Model-Driven SOA

UPDATE: I’ve posted a new article SOA is dead; long live Model Driven SOA, with more details on how to implement Model Driven SOA.

Enterprise software has become too complex to be effective! As a percentage of total investment, IT rose from 2.6% to 3.5% between 1970 and 1980. In 1990 this has increased to 9% and by 1999 to 22%! A huge amount of money which is spend for 70% to 80% to keep existing systems running. In many companies, it takes the IT department one to two years to implement a new strategic initiative [1]. How did this happen?

Proliferation of Complexity

According to Cynthia Rettig [1] this situation comes from a proliferation of complexity in software code. It is estimated that for every 25% increase in complexity in the tasks to be automated, the complexity of the software solution itself rises by 100%! Triggered by centralization of software through enterprises and automation of more and more tasks (because sometimes business managers seems to think that only buying more software will cut costs and improve operations) the complexity of tasks to automate has increased very fast. This has lead to an enormous complexity in the software trying to automate these tasks. No single person within an organization could possibly know how a change in one part of the software will affect its functioning elsewhere.

SOA, the solution?

The promised solution for this big problem is SOA (Service-Oriented Architecture). By using a modular approach SOA promises a separation of functionality on a more higher level than object-oriented programming does, thereby reducing the complexity or at least structuring it. By separating the implementation and orchestration of services, the resulting system can also easily be changed by orchestrating the services in another way or by just using other services in a certain orchestration. That’s the promise, but how is reality?

The transformation to SOA is a very long process for enterprises. Not only technological changes have to be made, organizational changes can be very deep and radical too! However, it is questionable whether enterprises can actually maintain a focused strategy long enough to align their core business processes with IT [1]. The current dynamic business environments doesn’t give enterprises that time. However, these environments call for the flexibility promised by SOA. It’s a bit the chicken or the egg! I think we can conclude that an enterprise at least needs a sound Enterprise Architecture (see Implementing Enterprise Architecture ) to overcome this problem, but that again is a whole paradigm shift for a lot of enterprises.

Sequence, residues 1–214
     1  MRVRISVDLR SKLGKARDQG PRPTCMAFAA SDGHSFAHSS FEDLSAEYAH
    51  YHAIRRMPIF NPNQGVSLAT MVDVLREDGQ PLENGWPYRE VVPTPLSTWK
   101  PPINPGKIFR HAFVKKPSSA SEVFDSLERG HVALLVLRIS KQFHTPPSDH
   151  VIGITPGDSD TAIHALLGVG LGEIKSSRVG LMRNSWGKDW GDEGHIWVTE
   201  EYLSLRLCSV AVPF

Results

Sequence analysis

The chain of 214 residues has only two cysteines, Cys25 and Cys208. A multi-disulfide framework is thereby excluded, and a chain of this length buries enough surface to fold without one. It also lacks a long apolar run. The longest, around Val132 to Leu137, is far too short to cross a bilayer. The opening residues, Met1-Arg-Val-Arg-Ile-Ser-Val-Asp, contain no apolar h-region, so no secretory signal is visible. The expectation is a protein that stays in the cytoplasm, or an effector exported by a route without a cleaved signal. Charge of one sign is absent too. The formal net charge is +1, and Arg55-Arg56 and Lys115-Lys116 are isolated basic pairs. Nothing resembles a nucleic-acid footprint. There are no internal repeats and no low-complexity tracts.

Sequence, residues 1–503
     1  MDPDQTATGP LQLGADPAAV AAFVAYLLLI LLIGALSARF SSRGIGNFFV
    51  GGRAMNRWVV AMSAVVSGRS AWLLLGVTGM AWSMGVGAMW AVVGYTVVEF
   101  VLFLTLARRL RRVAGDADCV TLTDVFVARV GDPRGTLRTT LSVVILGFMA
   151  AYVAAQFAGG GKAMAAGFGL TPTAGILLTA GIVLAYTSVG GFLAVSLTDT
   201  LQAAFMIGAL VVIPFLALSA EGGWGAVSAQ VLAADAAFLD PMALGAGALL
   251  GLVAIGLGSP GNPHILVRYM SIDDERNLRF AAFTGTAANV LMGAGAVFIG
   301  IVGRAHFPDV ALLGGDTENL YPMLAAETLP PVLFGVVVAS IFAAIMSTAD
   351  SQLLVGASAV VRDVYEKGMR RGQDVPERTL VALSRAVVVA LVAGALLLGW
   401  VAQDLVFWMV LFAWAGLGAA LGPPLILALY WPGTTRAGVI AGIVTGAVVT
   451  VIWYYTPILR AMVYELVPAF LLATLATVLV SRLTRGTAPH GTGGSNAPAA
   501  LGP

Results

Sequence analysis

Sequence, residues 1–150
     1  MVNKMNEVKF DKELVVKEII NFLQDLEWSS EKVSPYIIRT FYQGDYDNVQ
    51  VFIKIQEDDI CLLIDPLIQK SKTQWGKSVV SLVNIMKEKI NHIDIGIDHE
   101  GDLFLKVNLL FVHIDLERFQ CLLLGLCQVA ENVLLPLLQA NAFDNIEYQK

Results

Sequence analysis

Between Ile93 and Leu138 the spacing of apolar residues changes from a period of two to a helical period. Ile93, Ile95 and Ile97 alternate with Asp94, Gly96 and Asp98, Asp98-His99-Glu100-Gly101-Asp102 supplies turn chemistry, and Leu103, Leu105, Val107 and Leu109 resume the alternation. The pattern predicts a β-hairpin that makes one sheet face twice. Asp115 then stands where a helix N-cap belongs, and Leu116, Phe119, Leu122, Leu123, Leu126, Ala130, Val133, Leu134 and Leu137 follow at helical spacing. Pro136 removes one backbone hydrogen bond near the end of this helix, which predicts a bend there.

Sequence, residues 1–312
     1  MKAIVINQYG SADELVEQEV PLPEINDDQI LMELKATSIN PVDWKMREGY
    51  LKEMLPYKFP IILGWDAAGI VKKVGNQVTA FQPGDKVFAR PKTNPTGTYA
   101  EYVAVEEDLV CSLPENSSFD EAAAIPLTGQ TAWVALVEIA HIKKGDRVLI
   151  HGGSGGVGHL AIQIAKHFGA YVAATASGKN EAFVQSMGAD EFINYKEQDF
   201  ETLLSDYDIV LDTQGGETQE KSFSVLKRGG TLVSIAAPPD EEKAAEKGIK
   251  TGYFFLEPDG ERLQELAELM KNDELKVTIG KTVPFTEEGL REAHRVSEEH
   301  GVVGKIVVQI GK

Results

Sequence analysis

Beside these organizational problems also a couple of technical problems has to be solved before SOA can makes its promises come true. First, the identification of services in a SOA isn’t trivial (see SOA and Service Identification ).
Flexibility highly depends on the granularity of the services used. In principle we can say that if services become smaller, the flexibility will increase. However, complexity will also increase if services are getting smaller and smaller. This situation of choosing the granularity of services suggests a ‘green-field’ situation, which almost never exists in practice. When transforming an existing IT-landscape into a SOA it is even more difficult to have an end result with loosely-coupled services which are granular enough to offer some of the flexibility enterprises desperately need. In most situations enterprises are ending up with, what I tend to call, some SOA lipstick on a pig. In such cases SOA is just an additional layer on existing software, resulting in even more complexity. Software engineers will still have to deal with the layer of enterprise applications below the modular business processes.